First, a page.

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Cardinals 3, Cubs 0: Clunk

This wasn't what we were hoping for from the new-look Cubs in their new-look ballpark.

Jonathan Daniel/Getty Images

Before you begin reading this recap of the Cubs' 3-0 Opening Night loss to the Cardinals, know that I'm doing this a bit differently this morning.

Since the Wrigley Field renovations and everything surrounding the new things at the corner of Clark & Addison are as big a story as the ballgame, I'm doing two recaps. This one will focus solely on the game. The other, coming later this morning, will focus on the ballpark, with David Sameshima's photos.

The hype for this game probably couldn't have been higher even without the curiosity about the Wrigley changes. With a new manager leading the ballclub and a real, true ace on the mound, everyone's hopes were very high for at least a good start to the 2015 season.

That lasted three batters. Jon Lester gave up a line-drive double to Jason Heyward (who loves hitting against the Cubs on Opening Day -- remember this game?) and a single to Matt Holliday and before many people were even re-settled in their seats from a long wait at the restroom (more on this in the ballpark recap), the Cubs trailed 1-0.

All right, 1-0 isn't a problem, right? Nine full innings to go!

The bottom of the first started out auspiciously when Dexter Fowler led off with a double. He advanced to third on a groundout, but was stranded. The Cubs, in fact, had three leadoff doubles. Chris Coghlan hit one in the second and David Ross in the fifth. Both men wound up on third, but got no farther. Another leadoff hit, Tommy La Stella's single in the third, provided no scoring even though La Stella stole second. (Tell me you predicted La Stella would register the Cubs' first steal of 2015.)

In all, the Cubs left RISP in the first, second, third, fifth and seventh innings and were 0-for-13 overall with RISP. Does this sound familiar?

Lester simply wasn't sharp, despite having good velocity and striking out six in 4⅓ innings. He allowed eight hits and a walk and Joe Maddon, figuring his ace had had enough after 89 pitches (57 strikes), lifted him.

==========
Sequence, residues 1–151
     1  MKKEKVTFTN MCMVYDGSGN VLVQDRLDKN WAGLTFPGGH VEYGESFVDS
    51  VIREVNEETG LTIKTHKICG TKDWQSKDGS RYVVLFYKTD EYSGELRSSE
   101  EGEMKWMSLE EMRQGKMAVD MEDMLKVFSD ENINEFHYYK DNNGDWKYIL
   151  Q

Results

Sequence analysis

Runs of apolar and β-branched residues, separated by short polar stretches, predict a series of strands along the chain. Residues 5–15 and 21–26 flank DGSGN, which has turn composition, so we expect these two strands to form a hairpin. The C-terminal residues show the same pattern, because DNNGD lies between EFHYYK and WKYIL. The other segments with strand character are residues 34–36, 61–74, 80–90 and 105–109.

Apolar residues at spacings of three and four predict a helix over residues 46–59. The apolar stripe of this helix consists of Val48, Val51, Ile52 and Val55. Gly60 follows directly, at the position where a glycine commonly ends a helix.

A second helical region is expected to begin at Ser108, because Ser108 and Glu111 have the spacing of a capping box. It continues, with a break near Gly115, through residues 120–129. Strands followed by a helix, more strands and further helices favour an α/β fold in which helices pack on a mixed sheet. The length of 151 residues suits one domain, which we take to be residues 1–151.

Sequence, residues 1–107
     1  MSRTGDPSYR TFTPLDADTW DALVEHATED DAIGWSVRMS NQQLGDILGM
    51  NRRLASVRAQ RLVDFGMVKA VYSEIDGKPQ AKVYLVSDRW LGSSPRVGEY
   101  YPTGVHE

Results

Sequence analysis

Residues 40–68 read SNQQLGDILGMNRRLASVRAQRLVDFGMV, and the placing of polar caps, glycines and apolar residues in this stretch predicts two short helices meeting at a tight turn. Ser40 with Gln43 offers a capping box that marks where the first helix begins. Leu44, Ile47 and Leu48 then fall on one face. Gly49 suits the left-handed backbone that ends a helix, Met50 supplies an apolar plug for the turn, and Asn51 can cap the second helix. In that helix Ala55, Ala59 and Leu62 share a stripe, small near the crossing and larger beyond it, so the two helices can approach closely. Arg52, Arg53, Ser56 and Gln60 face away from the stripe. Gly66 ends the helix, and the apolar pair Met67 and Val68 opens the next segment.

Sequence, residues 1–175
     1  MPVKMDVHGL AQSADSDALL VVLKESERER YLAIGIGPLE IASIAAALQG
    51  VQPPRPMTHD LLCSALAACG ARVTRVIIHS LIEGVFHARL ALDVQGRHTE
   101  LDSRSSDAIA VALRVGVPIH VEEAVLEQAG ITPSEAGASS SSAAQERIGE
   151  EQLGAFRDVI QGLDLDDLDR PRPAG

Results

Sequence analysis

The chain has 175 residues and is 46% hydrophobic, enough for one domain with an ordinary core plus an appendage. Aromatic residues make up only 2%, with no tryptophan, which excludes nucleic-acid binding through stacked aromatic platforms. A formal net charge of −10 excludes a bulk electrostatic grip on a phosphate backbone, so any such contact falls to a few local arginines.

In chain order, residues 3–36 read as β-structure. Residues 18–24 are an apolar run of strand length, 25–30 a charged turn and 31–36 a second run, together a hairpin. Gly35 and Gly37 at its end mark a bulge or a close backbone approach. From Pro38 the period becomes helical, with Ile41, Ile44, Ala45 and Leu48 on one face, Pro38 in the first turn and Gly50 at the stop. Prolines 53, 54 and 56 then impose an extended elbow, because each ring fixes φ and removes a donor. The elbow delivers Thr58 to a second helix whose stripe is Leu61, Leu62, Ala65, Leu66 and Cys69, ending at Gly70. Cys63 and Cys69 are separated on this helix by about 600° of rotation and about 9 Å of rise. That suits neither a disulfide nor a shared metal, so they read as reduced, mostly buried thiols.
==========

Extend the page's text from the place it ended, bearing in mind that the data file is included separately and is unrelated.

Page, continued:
That's when the Cubs' revamped bullpen really showed its stuff. Phil Coke, Jason Motte, Neil Ramirez, Pedro Strop and Hector Rondon combined for 4⅔ innings and allowed two hits and a pair of walks. Just two runners got past first base. If the Cubs can get their offense going, games like this can be winnable. I was especially pleased with Coke, who struck out a pair sandwiched around an intentional walk, and Motte, whose velocity looked good. Using the Cubs' supposed last-three-innings triumvirate while trailing isn't something that's going to happen all the time, but it was fine given the off day today.

Meanwhile, Adam Wainwright.

What can you say? Wainwright's good and he was clearly on his game Sunday night. He did allow those three doubles, but otherwise breezed through the Cubs' order with little difficulty. The Cardinals bullpen did the same, with hard-throwing closer Trevor Rosenthal striking out the side in the ninth. You can't blame the weather for this one; even though the wind shifted off the lake not long before game time, dropping the game-time temperature to 44 degrees, the light seven mile-per-hour wind wasn't a factor and the weather conditions were probably better than 90 percent of all openers I've attended.

And if you think Kris Bryant's presence would have made any difference in this game, let me disabuse you of that notion right now. Against Adam Wainwright? Making his big-league debut in a heavily-hyped game on a coolish night? I doubt Bryant would have had any better luck against Wainwright than any of the other Cubs hitters did.

One thing that concerned me a bit was Jorge Soler's defense in right field. After playing extremely well out there in spring training, showing off a great arm, Soler looked a little tentative playing balls hit in his direction. He muffed a couple of hits, though no errors were charged. I don't know if that could have been the weather affecting him, opening-night jitters, or just having "one of those days."

Meanwhile, Maddon showed us a bit of the mix-and-match I think we're going to see a lot of this year. Ross was lifted after Lester was gone; Miguel Montero pinch-hit for Coke and stayed in the game. Similarly, Arismendy Alcantara batted for Ramirez and then remained in, with La Stella going to the bench. In all, the pitcher's spot wound up in three different batting-order positions, seventh, eighth and ninth. Lester, starting in the eighth spot, struck out in his only time at the plate and remains hitless for his career (0-for-37).

Before Sunday, says baseball historian Ed Hartig, a Cubs pitcher had started in the eighth spot in the order just once in team history: September 8, 2012, when Jeff Samardzija did it at Pittsburgh. Shark went 0-for-3 that day, but the Cubs won the game. I think we'll see Maddon do this a lot with his pitchers this year.

Look, we knew the Cardinals would be a tough opponent this year. They always are. It's just one game, and Lester, who hadn't pitched against big-league hitters in 20 days, needs to shake off some of the rust. I'm sure he'll be fine.

After today's off day, the Cubs will be back on the field at Wrigley against the Cardinals Tuesday evening, with Jake Arrieta facing Lance Lynn. There will be less hype... and hopefully better Cubs baseball.

One final site-related note: Apologies for the strange look around the game stream and preview last night. With much to do to get ready for the opener, both here and preparing to go to the park, I messed this one up. It won't happen again.

Stick around, as I'll have my perspective on the Wrigley Field changes coming up at 10 a.m. CT.